Anti-Hunger Coalition marks two years of collaborating to end hunger

Our Anti-Hunger Coalition announced today that since its creation two years ago the coalition has made significant steps towards alleviating hunger in Delaware!

The Anti-Hunger Coalition (AHC) is comprised of leaders from agriculture, business and industry, faith-based organizations, government and more. Supported by a grant from the Delaware Community Foundation, the Coalition has been working to identify goals, objectives and measurements to make significant contributions towards alleviating hunger in the state of Delaware.  

 “The efforts of the Coalition members are truly remarkable,” said Kelly Whitmarsh, a member of the Coalition and University of Delaware graduate student who wrote her master’s thesis on the work of the group.  “Utilizing current evaluation methods, such as stakeholder analysis, the AHC worked to identify key individuals in the community who could make a strategic impact on this worthwhile cause which has yielded terrific results.” 

 In a recent report to the Delaware Community Foundation’s Grant Committee, the Anti-Hunger Coalition has been successful in assisting Delawareans struggling with hunger:

  • Together with Delaware Health and Social Services the coalition has successfully worked to open food closets in all of the state service centers. The closets are operated by our volunteers and the project has been funded by the Acierno Family Foundation and AstraZeneca
  • With assistance from members of the Anti-Hunger Coalition, we have implemented a new senior feeding program, the Commodity Supplemental Food Program. The program is sponsored by the United States Department of Agriculture and provides a free monthly food box to Delawareans over the age of 60 who meet income qualifications.
  • Working with staff from Delaware Health and Social Services and elected officials, the Anti-Hunger Coalition helped to start the dialogue to pass Senate Bill 255, legislation to opt out of the state prohibition of making food stamps available to individuals convicted of a drug felony. The bill passed the senate, but never made it out of caucus in the house.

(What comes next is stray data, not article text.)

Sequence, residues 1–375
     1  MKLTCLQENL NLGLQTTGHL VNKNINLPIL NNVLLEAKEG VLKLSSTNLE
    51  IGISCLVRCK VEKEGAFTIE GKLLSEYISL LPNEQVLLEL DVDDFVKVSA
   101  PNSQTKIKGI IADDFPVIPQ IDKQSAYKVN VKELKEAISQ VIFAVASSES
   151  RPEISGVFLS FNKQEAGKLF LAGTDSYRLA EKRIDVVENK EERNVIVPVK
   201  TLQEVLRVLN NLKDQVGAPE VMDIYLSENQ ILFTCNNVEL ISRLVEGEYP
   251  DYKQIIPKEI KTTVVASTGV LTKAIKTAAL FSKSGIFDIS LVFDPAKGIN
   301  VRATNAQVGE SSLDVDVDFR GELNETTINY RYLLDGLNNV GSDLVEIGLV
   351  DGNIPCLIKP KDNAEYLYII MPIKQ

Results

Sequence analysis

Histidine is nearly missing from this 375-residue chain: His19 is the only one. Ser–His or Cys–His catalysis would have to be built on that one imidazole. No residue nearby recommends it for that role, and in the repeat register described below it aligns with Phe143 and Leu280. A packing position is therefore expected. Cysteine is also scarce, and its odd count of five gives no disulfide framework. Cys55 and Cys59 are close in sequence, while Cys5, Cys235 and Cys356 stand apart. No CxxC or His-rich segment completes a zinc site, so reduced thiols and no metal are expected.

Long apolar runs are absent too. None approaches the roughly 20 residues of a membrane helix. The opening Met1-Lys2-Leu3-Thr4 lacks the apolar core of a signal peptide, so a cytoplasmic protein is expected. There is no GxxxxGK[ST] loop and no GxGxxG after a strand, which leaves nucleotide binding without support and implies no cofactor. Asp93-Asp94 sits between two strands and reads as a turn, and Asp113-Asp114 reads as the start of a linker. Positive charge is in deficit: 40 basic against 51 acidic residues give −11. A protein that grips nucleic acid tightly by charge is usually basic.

• The Children’s Feeding task force also assisted in helping to grow our Backpack Program from zero children to 1,418 by the conclusion of the 2009-2010 school year. The task force focused its efforts on awareness and funding.
  • In partnership with Nemours and other community leaders, the Anti-Hunger Coalition was successful in bringing new attention to the issue of universal school breakfast in Delaware schools. To date a fiscal analysis has been conducted and policy work continues.

“I am proud of the progress the Anti-Hunger Coalition has made to date,” said our President and CEO Patricia Beebe. “Looking ahead there is still a lot to be done as we tackle the issue of hunger in our community. However, I am confident that through collaboration we can work to ensure that all Delawareans have access to healthy foods.”

“The Anti-Hunger Coalition is a great example of a public private partnership,” said Julie Miro Wenger, Director of the Delaware Food Industry Council and chair of the Children’s Feeding subcommittee. “Because of the work of the business community along with the food bank and state government we were able to increase funding and participation for a program send children home with nutritious food in their backpacks on the weekends.”

“The Anti-Hunger Coalition is a perfect example of why the Delaware Community Foundation’s funds collaborations that encourage the state’s nonprofit organizations to work closely together,” said Stephen Lamb, Chairman of the Delaware Community Foundation’s grants committee. “We believe they have made great strides in the past two years in helping people statewide who are struggling with putting food on the table for their families.”

 Among the Anti-Hunger Coalition’s priorities for the coming year:

  • Further expansion of our Children’s Feeding Programs, specifically Backpack, Kids Café, Summer and After-School Feeding
  • Development of a warehouse for school supplies for teachers who work in low-income districts
  • Further expansion of the Commodity Supplemental Food Program
  • Secure passage of legislation for providing food stamps to drug offenders
  • Expansion of produce programs for low-income Delawareans
  • Continue to work on implementing a universal school breakfast program in the state of Delaware
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